"He was just so diminutive I couldn't get over it," remembers Morrison of the wartime Prime Minister. "I just opened my mouth and it never shut."
There was no need for conversation though. "You were just lucky to be in the line," laughed Morrison. "You just shake the hands and you go down the line halfway through to the next paddock."
On another Wimbledon trip (she made four appearances) a fellow player Sonia Cox took her along to see My Fair Lady on her birthday, starring Andrews and Rex Harrison at the height of their fame. Morrison was entranced by the show but was surprised to spot the acting duo at Wimbledon the next day, sitting in the grandstand close to the players' area. As she nervously approached them for an autograph, they were looking through the Wimbledon programme and happened to be on a page showcasing the New Zealander.
"We would be absolutely delighted," Andrews responded to an overawed Morrison.
Morrison reached the third round in 1958 and 1960 and in 1959 went all the way to the fourth round, where she faced the splendidly named Maria Bueno. Bueno, from Brazil, won 6-1 7-5 and went on to win the tournament, the first of four Wimbledon final appearances (winning two).
Morrison also played in the Australian Open, won several British regional tournaments and 13 national titles. She also played in South Africa, which was a challenging experience. She was honoured with an MBE in 1960.
"Every time I think of [my experiences] in depth it just blows my mind again," says Morrison, the third of nine children. "It was absolutely wonderful ... unbelievable . I think I did the best I could. Maybe the odd time I lost when I shouldn't have but generally speaking I did the best I could."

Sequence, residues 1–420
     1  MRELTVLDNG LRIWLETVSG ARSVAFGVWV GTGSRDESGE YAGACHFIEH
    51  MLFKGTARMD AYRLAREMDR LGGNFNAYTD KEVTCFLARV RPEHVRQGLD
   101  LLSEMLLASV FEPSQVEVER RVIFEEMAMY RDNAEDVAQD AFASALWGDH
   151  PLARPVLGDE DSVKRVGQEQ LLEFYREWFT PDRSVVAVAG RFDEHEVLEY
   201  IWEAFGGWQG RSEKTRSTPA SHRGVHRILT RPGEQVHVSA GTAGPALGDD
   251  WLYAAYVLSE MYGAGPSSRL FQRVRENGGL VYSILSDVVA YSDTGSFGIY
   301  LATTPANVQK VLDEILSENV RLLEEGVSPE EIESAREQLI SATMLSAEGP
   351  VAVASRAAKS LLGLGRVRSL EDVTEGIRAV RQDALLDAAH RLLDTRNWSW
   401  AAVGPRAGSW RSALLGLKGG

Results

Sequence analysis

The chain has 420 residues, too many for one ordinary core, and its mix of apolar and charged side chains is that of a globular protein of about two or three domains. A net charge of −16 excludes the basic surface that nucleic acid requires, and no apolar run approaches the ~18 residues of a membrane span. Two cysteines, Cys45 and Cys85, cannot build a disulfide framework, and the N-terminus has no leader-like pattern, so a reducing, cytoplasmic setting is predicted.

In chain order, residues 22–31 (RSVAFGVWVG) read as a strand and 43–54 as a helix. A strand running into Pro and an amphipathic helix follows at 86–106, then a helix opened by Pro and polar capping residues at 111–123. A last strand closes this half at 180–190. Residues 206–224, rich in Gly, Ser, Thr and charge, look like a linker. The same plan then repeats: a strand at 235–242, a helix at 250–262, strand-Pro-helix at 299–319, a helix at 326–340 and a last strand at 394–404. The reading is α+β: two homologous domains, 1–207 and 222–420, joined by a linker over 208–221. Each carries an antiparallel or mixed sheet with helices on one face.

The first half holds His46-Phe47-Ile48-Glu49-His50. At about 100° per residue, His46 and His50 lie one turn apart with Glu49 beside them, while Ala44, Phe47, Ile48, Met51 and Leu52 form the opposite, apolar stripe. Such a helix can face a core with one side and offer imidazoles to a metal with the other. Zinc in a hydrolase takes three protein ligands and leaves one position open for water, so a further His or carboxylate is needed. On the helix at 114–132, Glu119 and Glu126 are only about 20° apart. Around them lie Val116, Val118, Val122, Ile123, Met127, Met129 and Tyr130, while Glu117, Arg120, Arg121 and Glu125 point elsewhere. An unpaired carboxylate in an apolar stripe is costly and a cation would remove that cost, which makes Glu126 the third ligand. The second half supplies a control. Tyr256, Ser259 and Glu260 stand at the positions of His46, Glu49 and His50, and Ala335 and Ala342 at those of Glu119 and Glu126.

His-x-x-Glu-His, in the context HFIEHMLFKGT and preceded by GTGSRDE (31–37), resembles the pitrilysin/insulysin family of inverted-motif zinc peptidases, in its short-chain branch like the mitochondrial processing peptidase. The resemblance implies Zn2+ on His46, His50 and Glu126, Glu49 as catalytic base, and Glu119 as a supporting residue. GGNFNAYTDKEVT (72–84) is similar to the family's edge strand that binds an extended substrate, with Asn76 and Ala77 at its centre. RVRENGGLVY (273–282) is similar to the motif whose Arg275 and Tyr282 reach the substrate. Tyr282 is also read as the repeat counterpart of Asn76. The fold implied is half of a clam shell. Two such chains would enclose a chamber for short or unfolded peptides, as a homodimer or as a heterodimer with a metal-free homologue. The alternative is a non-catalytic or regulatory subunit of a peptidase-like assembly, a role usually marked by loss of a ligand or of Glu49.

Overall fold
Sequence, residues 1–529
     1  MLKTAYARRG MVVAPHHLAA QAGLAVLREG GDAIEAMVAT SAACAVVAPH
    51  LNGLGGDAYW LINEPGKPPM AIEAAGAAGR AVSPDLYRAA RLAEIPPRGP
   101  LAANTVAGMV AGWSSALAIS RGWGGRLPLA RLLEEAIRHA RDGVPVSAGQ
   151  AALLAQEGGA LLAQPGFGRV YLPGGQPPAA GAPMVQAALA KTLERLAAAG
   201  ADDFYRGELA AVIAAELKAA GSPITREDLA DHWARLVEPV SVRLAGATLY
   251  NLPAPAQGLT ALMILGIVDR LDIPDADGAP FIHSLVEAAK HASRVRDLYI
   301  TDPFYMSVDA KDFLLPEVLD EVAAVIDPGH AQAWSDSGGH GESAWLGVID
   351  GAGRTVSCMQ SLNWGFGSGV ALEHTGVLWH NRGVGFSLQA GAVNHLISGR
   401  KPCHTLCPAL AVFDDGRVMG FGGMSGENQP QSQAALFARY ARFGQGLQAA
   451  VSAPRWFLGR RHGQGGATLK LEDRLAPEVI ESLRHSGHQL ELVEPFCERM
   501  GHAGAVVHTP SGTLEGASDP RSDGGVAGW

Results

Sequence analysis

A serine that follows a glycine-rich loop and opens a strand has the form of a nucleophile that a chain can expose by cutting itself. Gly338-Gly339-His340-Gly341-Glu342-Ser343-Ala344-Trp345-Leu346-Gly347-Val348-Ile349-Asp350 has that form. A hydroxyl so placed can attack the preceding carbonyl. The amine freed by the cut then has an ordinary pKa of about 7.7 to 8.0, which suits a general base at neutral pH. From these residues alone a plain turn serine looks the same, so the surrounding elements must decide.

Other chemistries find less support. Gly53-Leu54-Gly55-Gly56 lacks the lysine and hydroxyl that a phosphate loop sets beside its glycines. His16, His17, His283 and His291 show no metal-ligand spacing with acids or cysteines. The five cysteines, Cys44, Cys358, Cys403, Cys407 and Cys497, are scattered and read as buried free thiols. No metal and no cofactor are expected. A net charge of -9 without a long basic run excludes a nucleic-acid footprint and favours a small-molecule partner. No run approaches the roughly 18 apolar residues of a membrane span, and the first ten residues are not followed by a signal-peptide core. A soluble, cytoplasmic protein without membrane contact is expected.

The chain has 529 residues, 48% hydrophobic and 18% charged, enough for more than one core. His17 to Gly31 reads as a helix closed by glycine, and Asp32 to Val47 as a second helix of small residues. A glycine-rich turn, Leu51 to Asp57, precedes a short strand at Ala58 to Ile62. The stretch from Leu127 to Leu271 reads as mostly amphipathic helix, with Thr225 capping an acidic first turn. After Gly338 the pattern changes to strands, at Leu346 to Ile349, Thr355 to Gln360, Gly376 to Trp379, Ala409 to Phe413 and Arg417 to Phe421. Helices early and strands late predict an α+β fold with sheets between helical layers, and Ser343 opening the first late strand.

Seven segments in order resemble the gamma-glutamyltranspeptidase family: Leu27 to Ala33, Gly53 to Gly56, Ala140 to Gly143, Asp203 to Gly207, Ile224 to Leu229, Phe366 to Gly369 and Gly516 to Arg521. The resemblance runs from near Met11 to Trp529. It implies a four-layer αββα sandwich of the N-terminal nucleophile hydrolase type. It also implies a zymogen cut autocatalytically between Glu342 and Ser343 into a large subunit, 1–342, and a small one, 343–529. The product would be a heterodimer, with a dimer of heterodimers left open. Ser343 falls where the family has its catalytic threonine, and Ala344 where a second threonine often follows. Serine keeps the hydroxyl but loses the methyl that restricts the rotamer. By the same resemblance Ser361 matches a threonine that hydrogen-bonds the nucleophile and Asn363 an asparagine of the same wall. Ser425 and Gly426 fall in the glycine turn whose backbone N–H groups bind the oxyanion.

In a wonderful piece of timing, Morrison has had the chance to witness Erakovic's exploits first hand this year, as she made her first visit to Wimbledon since 1960. Fundraising efforts co-ordinated by the Aotearoa Maori Tennis Association raised over $25,000 and Morrison, sister Whiti Baker and association president Dick Garrett, have been in London over the past week.
Morrison has been accorded the royal treatment, over half a century after her exploits on the famous grass, even being inducted into the exclusive "Last 8 club". Players who have reached the quarterfinals of the singles (or the semifinals of the doubles or mixed doubles final) are invited into the club. Members are entitled to a tournament pass for the entire fortnight, as well as daily match tickets to the number one and centre court. They also receive a guest pass, have use of a private hospitality suite and can attend a cocktail party held on the second Tuesday of the iconic event.
"It has been mind boggling beyond belief to be back here," says Morrison, who lamented the early exits of Roger Federer and Rafa Nadal."Everyone has been wonderful and I have met up with so many people from the past - it's like time has stood still. It's been a bit overpowering as well; When you come back here after 54 years you realise how much the place has changed."